But that’s just one way. The song can nudge the game, and that’s about it. A harmless bit of Mickey Mousing at best.

iMuse, on the other hand? The DirectMusic of its day. Remember DirectMusic? Me neither. Anyway, an iMuse song (near as I understand it) has queued triggers and a sense of beat, allowing the game to say “hey, switch to the cartographer’s version of Woodtick” and the song would wait for the current beat to finish, play a little flourish, and seamlessly transition into a different song. You could cancel them too, if you were fast enough. And let’s not get into the most triumphant example I’ve heard so far, X-Wing/Tie Fighter.

I figure if you give an SCI track beat markers, preload a fill riff, and have a script listen for requests, you might be able to approximate the basics. If you’re playing variations of the same song that only differ in instruments, you might be able to mute specific tracks, or send raw “Program Change” messages if you’re really adventurous…

But yeah. That’s why you can have proper MIDI dumps of SCI games, but you can’t quite hack it with most SCUMM games.

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Palette Cycling in Space Quest 4

It’s a followup.

Here’s Roger falling through the chronostream in the introduction:

And here’s the EGA release’s take on that shot:

I immediately thought, of course, the EGA release wouldn’t support palette cycling effects. That’s the official EGA release, with an ega320.drvnot the later ones with ega640.drv. Totally different.

But what if I were to make SQ4 VGA use ega640.drv? What would happen? Would the background remain static?

Keeping the answer under the fold for all you epileptic viewers out there.

Continue reading “Palette Cycling in Space Quest 4”

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Palette Cycling in Larry 5

I distinctly recalled just before posting this that one particular room in Leisure Suit Larry 5 – Passionate Patti does Pittsburgh a Little Undercover Work had a palette cycling effect that bit into the 64 global colors of the palette. So I enabled the debug handler, loaded up ScummVM, and Alt-T’d my way over to room 700.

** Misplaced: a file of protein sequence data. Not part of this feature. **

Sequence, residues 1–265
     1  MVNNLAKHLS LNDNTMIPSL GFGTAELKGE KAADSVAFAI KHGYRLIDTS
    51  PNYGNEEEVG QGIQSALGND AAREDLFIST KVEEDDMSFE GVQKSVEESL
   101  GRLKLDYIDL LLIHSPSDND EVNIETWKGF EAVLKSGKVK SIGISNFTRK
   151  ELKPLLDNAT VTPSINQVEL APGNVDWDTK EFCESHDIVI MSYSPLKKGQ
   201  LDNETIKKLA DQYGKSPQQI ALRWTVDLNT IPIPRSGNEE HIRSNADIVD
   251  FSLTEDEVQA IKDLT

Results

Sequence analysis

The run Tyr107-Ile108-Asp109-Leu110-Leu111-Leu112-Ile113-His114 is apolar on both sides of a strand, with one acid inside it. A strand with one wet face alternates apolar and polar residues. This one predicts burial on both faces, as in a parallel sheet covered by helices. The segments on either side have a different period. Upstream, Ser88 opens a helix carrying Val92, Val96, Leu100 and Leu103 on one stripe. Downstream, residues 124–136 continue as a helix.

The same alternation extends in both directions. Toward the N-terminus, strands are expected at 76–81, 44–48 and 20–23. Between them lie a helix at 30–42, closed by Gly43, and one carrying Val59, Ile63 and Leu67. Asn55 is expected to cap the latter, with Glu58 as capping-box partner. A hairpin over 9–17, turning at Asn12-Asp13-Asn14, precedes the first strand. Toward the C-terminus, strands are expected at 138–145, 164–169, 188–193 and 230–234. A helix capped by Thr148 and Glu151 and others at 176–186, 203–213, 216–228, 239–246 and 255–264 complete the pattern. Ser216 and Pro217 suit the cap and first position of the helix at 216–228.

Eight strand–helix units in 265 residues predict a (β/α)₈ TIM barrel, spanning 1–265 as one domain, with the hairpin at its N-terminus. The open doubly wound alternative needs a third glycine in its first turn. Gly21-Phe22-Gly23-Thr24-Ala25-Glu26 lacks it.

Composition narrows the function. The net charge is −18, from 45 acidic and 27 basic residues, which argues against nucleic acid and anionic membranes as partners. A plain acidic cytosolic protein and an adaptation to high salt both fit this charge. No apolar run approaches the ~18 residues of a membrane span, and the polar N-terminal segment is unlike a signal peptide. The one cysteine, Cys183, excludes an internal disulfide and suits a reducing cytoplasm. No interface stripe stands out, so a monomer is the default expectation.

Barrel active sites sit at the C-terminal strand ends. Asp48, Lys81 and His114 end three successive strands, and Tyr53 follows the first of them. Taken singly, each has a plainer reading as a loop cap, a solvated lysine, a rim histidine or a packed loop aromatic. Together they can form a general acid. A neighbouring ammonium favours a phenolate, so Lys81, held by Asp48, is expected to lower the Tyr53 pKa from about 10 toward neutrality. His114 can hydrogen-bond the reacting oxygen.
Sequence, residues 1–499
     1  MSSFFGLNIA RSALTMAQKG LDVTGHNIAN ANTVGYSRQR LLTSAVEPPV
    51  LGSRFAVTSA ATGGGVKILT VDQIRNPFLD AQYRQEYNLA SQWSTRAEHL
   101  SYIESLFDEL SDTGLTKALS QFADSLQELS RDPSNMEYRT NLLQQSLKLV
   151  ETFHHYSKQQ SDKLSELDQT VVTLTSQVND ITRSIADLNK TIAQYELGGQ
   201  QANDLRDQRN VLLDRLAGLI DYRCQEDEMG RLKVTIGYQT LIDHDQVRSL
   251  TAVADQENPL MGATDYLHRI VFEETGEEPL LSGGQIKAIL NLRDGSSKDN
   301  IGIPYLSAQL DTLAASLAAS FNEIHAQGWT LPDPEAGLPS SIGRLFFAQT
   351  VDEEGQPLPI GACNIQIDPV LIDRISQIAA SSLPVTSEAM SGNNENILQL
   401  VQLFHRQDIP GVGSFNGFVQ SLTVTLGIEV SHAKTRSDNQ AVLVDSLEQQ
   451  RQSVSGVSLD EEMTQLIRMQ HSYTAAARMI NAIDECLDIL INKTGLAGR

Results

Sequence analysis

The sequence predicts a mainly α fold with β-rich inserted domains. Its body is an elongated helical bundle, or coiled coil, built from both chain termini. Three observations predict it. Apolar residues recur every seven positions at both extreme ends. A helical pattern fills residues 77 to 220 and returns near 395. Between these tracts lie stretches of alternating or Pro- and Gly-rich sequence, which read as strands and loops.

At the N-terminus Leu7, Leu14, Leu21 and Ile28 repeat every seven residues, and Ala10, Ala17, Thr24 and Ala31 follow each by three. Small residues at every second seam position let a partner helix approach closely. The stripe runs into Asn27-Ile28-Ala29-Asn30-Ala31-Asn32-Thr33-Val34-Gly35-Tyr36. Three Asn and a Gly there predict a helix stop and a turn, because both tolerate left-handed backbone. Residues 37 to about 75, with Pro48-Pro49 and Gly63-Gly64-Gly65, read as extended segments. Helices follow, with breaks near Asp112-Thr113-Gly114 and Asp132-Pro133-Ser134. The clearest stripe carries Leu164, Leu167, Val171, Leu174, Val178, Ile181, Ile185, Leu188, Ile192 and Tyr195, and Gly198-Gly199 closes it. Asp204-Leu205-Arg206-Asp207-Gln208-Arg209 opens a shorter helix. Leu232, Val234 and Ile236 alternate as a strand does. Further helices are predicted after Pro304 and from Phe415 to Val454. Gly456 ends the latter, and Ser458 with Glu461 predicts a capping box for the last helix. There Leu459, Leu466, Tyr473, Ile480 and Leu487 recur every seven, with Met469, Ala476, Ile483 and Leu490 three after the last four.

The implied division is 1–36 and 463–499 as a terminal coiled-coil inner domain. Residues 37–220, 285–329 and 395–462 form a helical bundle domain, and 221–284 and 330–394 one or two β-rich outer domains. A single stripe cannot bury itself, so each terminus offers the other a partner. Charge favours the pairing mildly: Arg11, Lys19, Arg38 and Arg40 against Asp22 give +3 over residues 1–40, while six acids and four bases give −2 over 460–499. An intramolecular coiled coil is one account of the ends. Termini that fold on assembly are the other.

…It looks perfectly right. That’s not right.

Now, you’ll notice the Fast Forward icon isn’t grayed out. That’s what you get when you cheat, but that’s hardly relevant here.

Had I remembered wrong? Was this the wrong screen? No, surely my memory isn’t that bad? Besides, old adventure games are relevant to my interests. I don’t tend to forget things about those.

But then again, this is ScummVM. What does DOSBox have to say?

Thank you, DOSBox. I figure it must be because ScummVM draws it all in truecolor mode, manually applying the effect to the background, as opposed to the original actually changing the VGA color palette.

(Any political implications are entirely in the reader’s head.)

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Evolution of a Title Screen

From day one, the title screen for The Dating Pool has been rendered, with one short intermission. Looking back at my development archives, I felt I should show the unseen. So in the inimitable words of Verka Serduchka… Let’s begin!

The original title screen was a closeup of the main character’s little black book, in what was then planned to be her bedroom. Between the default textures and the book’s cover being edited in post, I honestly can’t remember why I replaced it… but it’s not exactly evocative of a “dating pool”, or any kind of pool, really.

Ah, the original demo release’s title screen. This is actually slightly newer than it should be at this point, with the wine and glass added, but who’s keeping track? Maybe me at best, but I hardly did. Anyway, I’m not gonna hunt down a copy without the wine only to post this version a little later.

At one point I figured the 3D renders could serve as the basis for pixel art redraws. I put hours into this image, only to not use it at all. Honestly, I can’t quite remember why I gave up on that idea. But before the demo was in a playable state, I’d reverted to the render and added the wine. Perhaps it was just to not increase the workload even more, or maybe it was because it didn’t actually help solve some issues with global palettes that I’d hoped it would. Oh well, what’s a few wasted hours when you have this much free time to waste to begin with?

And that brings us to the title screen as it is now. The Itch demo has a slightly earlier version of this screen that’s a bit shinier in silly places, but otherwise it’s the same.

(2018 note: the above paragraph was later outdated by an updated demo release.)

I wonder if should put some animation in this. The old screen had the flickering candles… Anyone?